Chief Advisor and Head of the Partnership Team at the Ministry of Foreign
Affairs of Denmark, acknowledged that individuals with disabilities bear a
disproportionate burden amidst the increasing crises caused by conflicts,
natural disasters, and climate change.
“Good health is a prerequisite to participating fully in society and addressing health inequities for persons with disabilities and therefore imperative to ensure that no one is left behind. […] By working together to address the barriers that exist to promote inclusive healthcare policies and practices, we can ensure that people with disabilities are able to lead more healthy, more fulfilling lives and able to participate better in the societies that they live in.”
Kirstine Primdal Sutton, Chief Advisor and Head of the Partnership Team, Ministry of Foreign Affairs of Denmark
One of the conference’s
highlights was the opportunity to hear directly from Organisations of persons
with Disabilities (OPDs), featuring testimonies from Devi Acharya, President of
the National Federation of the Disabled Nepal; Beth Nasiforo Mukarwega, Chair
of the National Union of Disabilities’ Organisations of Rwanda; and Rita Kusi
Kyeremaa, Executive Director of the Ghana Federation of Disability Organisations.
Their experiences shed light on the importance of inclusive health and provided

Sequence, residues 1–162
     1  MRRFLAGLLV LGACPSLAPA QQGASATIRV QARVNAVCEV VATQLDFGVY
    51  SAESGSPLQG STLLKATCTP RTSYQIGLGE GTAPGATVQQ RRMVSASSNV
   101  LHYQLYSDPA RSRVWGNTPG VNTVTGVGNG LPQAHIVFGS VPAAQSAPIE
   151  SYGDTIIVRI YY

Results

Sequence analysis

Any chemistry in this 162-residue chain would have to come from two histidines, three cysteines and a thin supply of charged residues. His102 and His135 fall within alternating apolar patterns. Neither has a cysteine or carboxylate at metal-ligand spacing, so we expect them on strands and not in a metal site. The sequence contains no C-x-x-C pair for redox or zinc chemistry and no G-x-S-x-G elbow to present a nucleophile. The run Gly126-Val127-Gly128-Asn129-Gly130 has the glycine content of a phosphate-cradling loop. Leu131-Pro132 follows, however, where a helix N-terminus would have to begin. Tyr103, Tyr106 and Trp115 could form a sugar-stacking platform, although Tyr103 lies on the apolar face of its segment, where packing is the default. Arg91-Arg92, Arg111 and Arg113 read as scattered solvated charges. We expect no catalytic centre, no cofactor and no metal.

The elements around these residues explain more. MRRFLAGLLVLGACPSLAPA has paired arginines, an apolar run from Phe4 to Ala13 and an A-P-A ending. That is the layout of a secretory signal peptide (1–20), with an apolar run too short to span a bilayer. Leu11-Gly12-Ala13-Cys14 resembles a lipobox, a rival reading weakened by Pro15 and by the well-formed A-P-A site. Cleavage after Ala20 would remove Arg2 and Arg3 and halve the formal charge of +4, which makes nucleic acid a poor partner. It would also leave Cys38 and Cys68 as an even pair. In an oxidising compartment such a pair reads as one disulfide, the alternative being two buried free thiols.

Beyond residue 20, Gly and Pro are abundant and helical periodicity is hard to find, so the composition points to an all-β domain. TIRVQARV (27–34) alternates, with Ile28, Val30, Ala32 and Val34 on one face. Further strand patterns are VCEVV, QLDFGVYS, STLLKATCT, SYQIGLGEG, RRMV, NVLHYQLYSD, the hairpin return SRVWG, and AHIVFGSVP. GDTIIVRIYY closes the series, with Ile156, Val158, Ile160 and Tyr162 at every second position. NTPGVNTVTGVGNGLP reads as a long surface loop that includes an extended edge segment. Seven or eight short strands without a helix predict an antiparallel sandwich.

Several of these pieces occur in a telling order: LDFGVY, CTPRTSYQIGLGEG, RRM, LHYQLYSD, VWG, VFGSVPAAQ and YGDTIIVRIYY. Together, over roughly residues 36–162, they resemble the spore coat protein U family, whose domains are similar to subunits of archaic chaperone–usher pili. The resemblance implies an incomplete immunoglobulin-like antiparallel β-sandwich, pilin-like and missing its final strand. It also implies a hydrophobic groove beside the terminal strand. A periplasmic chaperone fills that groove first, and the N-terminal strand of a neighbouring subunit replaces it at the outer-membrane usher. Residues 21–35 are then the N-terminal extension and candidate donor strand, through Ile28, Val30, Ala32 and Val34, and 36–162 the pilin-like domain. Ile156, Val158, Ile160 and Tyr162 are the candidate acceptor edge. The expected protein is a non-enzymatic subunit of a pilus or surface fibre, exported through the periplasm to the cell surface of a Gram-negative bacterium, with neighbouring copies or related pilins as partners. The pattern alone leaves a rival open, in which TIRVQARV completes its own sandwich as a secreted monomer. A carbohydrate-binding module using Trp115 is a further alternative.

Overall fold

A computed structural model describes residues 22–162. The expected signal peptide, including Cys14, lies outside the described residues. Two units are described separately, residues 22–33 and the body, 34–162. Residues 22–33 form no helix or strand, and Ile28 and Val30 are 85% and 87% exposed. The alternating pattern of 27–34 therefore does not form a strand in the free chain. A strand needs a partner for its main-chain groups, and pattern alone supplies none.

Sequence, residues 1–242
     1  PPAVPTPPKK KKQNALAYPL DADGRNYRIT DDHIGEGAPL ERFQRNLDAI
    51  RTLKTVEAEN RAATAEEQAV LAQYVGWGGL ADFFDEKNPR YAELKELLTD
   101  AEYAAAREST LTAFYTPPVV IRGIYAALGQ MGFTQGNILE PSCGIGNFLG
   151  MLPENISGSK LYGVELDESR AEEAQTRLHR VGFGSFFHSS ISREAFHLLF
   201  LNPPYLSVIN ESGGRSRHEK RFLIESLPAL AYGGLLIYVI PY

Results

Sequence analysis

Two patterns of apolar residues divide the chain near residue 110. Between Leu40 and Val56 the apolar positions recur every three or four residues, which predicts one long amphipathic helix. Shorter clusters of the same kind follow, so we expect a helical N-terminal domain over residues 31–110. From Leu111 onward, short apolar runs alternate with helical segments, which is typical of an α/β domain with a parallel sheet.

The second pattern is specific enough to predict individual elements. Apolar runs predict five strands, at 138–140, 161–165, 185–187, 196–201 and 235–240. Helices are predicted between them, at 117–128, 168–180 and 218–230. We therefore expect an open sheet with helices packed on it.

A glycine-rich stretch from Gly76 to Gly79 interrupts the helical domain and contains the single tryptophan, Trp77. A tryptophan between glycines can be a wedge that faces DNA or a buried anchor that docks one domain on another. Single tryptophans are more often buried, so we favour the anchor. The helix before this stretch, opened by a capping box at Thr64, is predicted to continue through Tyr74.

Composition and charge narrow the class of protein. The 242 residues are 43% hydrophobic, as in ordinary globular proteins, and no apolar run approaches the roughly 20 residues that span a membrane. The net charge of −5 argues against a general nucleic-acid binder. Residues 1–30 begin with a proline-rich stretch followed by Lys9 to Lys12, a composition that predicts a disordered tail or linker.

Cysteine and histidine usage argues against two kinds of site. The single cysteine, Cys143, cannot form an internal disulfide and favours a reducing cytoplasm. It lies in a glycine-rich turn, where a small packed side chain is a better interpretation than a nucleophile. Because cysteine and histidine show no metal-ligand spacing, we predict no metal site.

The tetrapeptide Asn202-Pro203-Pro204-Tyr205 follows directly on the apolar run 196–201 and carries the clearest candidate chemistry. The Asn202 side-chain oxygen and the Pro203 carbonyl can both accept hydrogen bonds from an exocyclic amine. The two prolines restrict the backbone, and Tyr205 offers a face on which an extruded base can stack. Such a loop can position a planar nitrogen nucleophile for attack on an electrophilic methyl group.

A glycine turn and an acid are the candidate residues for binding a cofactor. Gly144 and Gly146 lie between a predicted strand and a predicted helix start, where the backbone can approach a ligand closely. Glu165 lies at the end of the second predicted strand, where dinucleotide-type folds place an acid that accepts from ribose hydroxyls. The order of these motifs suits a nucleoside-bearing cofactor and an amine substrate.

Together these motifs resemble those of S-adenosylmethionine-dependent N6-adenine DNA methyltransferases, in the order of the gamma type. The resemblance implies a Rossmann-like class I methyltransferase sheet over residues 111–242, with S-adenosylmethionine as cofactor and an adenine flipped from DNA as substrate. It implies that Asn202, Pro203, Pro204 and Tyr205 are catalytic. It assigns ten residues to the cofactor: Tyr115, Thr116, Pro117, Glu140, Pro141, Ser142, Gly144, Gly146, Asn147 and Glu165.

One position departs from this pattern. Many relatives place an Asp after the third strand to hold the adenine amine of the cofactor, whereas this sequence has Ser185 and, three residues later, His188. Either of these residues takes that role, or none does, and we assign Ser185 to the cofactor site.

valuable insights into the challenges faced by their respective communities.
“[Health equity] means accessible facilities and equipment, it means accessible information, services, empowered health workers who have knowledge of disability inclusion and have positive attitudes towards persons with disabilities. It means inclusive systems. It means inclusive health legislation and policies. It means empowered persons with disabilities who are knowledgeable of their rights to health and advocating for sustained health care and services. It means committed governments and partners who support and allocate resources for health, equity, for all. It means strategic programming, monitoring and reporting, and meaningful partnerships that prioritize health equity for persons with disabilities.”